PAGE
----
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Massive snowstorm stalks US northeast

A deadly winter storm crept through the northeastern United States early Friday after spelling drudgery for millions and tragedy for a few, including an expectant mother killed by a snowplow.

NEW YORK: A deadly winter storm crept through the northeastern United States early Friday after spelling drudgery for millions and tragedy for a few, including an expectant mother killed by a snowplow.

US media counted some 16 to 18 people dead as a result of the storm, which has dumped a thick blanket of snow over the southern and eastern US states and on Thursday shut down federal government operations in Washington. The snow was up to two feet in places.

One of the casualties was a 36-year-old pregnant woman, struck and killed by a snowplow in a New York parking lot. Her baby was delivered alive by cesarean section but remains in critical condition.

In Washington, a man from a local psychiatric hospital was found dead in the snow, Mayor Vincent Gray said.

The National Weather Service warned that the storm had edged its way up the battered east coast and was "bringing significant winter weather to the northeast."

"Heavy snow and gusty winds are expected in parts of the Appalachians and New England into Friday," it said, adding that the brutal weather system would then set its icy sights on the Canadian coastal region.

There was to be only a temporary respite for some after that, with forecasters predicting yet more snow and wintry weather for the US east coast on Saturday.

Worst winter in 10 years

Delays and cancellations to flights are expected to last for several days as airlines scramble to clear a backlog.

Thousands of travellers were stranded on Thursday as major air hubs such as Atlanta and New York were closed down. Washington's Dulles International reported 14 inches (35 centimetres) of snow.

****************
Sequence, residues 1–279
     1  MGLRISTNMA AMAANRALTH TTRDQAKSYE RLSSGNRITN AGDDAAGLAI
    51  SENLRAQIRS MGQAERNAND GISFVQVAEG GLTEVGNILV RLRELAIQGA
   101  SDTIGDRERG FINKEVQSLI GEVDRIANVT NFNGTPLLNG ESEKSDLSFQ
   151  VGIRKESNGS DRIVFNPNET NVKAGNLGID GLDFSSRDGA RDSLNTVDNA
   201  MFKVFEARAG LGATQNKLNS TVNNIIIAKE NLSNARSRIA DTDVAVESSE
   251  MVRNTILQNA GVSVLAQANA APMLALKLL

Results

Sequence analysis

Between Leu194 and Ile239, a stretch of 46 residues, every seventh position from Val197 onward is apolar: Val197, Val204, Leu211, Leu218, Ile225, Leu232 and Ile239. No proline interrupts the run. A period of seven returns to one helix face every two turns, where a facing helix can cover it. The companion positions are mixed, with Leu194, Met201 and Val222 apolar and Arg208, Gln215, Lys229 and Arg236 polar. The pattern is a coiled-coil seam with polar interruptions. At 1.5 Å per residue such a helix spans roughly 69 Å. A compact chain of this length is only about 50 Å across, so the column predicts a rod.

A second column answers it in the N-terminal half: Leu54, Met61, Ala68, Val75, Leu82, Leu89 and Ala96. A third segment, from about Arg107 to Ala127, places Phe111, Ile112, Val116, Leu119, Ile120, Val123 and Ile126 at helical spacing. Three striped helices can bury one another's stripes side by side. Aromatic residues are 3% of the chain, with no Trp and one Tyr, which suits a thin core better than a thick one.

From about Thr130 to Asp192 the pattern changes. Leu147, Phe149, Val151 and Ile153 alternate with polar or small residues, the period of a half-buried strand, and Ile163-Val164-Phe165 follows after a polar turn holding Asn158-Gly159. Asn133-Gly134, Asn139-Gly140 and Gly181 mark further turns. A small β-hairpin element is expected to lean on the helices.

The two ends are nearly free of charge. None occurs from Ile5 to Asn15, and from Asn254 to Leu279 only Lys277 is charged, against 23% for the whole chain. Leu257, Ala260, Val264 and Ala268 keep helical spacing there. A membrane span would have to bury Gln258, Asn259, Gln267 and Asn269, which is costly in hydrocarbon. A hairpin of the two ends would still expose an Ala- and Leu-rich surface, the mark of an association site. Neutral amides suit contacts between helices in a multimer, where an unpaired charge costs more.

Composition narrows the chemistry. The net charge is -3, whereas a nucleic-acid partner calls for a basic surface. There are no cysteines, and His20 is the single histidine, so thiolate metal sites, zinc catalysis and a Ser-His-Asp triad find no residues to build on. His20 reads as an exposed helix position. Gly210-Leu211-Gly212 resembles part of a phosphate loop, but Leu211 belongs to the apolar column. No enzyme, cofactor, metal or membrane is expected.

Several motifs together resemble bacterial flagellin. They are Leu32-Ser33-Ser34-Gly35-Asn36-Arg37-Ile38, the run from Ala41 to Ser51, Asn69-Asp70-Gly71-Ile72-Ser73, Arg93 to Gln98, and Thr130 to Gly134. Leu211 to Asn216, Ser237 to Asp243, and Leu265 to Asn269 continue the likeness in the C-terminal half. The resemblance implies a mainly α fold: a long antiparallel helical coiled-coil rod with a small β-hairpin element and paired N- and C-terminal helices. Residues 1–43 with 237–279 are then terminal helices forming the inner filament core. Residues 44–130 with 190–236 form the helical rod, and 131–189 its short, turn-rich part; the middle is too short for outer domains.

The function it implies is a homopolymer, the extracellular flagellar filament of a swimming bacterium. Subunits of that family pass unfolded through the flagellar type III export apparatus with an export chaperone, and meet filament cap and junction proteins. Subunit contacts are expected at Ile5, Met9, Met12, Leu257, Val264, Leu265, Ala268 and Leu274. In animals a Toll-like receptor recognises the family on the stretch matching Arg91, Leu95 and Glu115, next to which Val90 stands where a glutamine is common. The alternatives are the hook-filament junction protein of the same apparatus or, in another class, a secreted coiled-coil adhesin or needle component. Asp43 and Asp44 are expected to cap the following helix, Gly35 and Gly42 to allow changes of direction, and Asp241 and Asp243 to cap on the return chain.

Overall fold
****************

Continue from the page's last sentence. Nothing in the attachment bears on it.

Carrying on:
Some 6,500 flights were cancelled outright, and more than 3,800 delayed, spelling misery for hundreds of thousands of passengers.

Nearly 800,000 homes and businesses lost power across 11 states along the eastern seaboard, with 340,000 outages in North and South Carolina, the Department of Energy said.

In Washington, buses were cancelled and city services struggled to keep even major roads open.

Schools were shut and the streets of the capital eerily deserted as federal workers stayed home or worked to scrape snow off sidewalks and driveways that were quickly buried by the deluge.

Even the White House cancelled its daily news briefing, as skiers appeared nearby on the National Mall, the large esplanade at the center of Washington.

New York, which saw the same abundance of snow, was under a weather advisory until 6:00 am (1100 GMT) Friday, with 12 inches of snow expected for the city.

Mayor Bill de Blasio warned New Yorkers that public transportation remained the best option for travel and that trash collection had been suspended.

Broadcasters fell over themselves to find superlatives to describe the "historic" and "mindboggling" "Snowmaggedon."

The storm is only the latest severe weather to hit the eastern United States in what was already the worst winter in 10 years.

But experts predicted it would have little long-term economic impact, perhaps knocking only around 0.1 per cent off first-quarter GDP growth, according to economic Doug Handler of IHS Global Insight.

Although the storm would mean a short term drop in economic activity, consumers would spend more in heating fuel.

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